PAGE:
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Periodical article Periodical article Leiden University catalogue Leiden University catalogue WorldCat catalogue WorldCat
Title:'The remedy for hunger is bending the back': maize and British agricultural policy in southwestern Tanzania 1920-1960
Author:Fourshey, Catherine CymoneISNI
Year:2008
Periodical:International Journal of African Historical Studies
Volume:41
Issue:2
Pages:223-261
Language:English
Geographic term:Tanzania
Subjects:agricultural policy
maize
agricultural history
colonial period
Link:https://www.jstor.org/stable/40282489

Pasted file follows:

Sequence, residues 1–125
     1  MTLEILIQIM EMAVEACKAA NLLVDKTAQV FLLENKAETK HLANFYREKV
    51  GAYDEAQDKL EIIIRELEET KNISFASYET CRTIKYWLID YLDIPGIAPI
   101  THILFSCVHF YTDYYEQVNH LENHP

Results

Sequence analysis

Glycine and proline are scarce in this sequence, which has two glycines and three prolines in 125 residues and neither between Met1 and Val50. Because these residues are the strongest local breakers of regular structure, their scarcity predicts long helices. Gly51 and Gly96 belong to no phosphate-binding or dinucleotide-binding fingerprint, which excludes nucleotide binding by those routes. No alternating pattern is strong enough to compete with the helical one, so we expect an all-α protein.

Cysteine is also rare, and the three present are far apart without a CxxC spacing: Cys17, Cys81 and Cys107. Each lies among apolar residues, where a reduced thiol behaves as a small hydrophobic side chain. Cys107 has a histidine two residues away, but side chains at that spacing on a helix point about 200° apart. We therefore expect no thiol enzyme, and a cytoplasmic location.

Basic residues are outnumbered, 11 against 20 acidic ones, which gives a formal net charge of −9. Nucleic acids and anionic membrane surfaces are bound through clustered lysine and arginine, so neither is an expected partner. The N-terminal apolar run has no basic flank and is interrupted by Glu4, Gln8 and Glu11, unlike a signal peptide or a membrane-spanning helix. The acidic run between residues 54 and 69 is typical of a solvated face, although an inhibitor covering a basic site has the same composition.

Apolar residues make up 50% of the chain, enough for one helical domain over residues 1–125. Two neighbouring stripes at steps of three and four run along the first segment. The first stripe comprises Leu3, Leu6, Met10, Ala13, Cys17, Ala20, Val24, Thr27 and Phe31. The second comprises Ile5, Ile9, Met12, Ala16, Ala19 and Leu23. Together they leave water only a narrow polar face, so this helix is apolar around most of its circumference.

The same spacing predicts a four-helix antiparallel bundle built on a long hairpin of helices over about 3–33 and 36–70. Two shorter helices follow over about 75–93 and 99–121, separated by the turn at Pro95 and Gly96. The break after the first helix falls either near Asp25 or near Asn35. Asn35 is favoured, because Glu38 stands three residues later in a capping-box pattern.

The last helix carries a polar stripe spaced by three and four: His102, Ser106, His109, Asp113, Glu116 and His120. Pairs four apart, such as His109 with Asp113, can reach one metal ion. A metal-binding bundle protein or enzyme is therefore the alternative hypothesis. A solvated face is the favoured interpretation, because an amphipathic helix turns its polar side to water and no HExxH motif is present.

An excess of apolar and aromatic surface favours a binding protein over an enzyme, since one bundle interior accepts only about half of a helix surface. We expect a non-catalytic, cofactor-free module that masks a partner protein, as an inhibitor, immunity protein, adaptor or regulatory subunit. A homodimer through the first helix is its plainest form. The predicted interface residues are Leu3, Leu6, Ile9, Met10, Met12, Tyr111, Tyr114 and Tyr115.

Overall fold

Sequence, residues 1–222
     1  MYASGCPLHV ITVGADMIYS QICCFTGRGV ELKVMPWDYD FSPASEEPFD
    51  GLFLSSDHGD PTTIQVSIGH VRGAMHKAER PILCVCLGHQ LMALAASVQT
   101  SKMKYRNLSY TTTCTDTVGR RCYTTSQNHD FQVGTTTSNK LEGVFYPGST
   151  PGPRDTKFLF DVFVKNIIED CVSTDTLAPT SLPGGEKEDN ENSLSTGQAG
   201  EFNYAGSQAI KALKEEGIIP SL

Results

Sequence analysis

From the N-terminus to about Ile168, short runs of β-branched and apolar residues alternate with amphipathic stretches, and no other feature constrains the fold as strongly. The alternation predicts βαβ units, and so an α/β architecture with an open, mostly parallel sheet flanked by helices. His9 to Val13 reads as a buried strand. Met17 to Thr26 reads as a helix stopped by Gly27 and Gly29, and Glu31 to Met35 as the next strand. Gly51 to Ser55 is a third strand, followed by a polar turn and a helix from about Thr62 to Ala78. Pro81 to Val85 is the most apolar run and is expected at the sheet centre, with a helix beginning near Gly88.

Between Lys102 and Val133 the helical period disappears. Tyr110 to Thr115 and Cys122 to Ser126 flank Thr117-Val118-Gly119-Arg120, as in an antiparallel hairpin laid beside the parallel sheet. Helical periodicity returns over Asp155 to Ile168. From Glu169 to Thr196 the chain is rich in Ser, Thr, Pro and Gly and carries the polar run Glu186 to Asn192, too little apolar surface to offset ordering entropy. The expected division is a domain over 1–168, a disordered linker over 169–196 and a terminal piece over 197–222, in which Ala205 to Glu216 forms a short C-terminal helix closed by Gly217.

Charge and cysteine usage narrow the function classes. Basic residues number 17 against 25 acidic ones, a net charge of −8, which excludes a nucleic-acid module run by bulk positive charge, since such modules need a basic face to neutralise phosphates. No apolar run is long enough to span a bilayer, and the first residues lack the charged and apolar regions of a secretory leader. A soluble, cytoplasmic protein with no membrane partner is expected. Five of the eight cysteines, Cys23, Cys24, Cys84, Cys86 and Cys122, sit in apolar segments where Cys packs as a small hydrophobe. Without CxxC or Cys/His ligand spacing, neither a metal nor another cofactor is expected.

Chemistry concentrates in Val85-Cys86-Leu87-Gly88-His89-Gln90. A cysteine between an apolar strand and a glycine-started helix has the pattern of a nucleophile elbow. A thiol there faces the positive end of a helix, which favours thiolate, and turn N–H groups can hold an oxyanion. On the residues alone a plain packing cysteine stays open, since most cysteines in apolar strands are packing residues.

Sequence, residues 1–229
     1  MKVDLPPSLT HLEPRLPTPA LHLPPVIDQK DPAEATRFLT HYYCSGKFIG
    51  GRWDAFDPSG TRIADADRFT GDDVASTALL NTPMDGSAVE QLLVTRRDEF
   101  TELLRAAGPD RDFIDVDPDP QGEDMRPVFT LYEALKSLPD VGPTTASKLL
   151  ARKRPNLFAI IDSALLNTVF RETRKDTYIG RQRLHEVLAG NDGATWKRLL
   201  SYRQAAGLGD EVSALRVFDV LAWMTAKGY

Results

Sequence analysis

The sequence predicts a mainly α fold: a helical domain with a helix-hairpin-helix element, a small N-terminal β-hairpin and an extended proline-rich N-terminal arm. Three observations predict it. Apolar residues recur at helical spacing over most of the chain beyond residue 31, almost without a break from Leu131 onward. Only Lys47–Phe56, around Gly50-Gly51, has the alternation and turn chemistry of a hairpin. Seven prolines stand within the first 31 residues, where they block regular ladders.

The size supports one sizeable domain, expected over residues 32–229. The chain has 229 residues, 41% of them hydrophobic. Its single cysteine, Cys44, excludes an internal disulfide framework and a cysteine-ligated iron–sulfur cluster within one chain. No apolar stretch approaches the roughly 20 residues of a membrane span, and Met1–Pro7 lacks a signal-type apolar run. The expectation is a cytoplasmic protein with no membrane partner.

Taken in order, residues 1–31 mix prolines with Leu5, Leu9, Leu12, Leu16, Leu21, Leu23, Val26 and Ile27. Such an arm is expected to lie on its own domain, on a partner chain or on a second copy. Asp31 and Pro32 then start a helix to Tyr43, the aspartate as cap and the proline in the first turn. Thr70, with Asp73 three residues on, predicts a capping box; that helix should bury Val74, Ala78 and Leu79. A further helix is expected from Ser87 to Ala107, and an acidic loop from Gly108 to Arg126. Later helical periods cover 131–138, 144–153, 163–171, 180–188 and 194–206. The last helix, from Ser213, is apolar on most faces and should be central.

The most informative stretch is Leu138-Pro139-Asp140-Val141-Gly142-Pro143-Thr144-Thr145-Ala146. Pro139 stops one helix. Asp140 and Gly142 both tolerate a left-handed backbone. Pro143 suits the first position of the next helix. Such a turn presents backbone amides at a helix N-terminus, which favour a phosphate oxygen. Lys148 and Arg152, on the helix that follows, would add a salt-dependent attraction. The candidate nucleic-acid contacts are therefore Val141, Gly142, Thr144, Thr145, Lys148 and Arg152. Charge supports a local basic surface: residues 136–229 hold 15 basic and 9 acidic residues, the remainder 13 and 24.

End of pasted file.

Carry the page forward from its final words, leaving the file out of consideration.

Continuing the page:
Abstract:This paper examines the concerted efforts of British policymakers from 1920 to 1960 that led to maize becoming a central crop in the Tanganyika Territory (now Tanzania). How did this American crop, which requires just the right quantities of rain at the right phase of its growing cycle, become so important in a nation with unpredictable rainfall patterns? First, the paper provides an overview of precolonial agriculture in Tanganyika to illustrate the diversity of crops that existed prior to German and British rule. Next, a summary of the German and British colonial-era philosophies on economy and agriculture demonstrates the shift to cash cropping that set the stage for maize planting. The second half of the paper first examines two specific British campaigns, 'Grow more crops' and 'Buy Empire goods', to highlight government-supported ventures that influenced Tanganyikans' perceptions of maize in the second quarter of the 20th century. This is followed by an analysis of statistical data as a means of quantifying the shift to maize. The final section demonstrates African responses to maize policies. British policies led to the rise of maize as both a food crop and a symbol of abundance for Tanganiykans, but the push for maize decreased crop diversity and in many ways compromised food security. Notes, ref. [ASC Leiden abstract]
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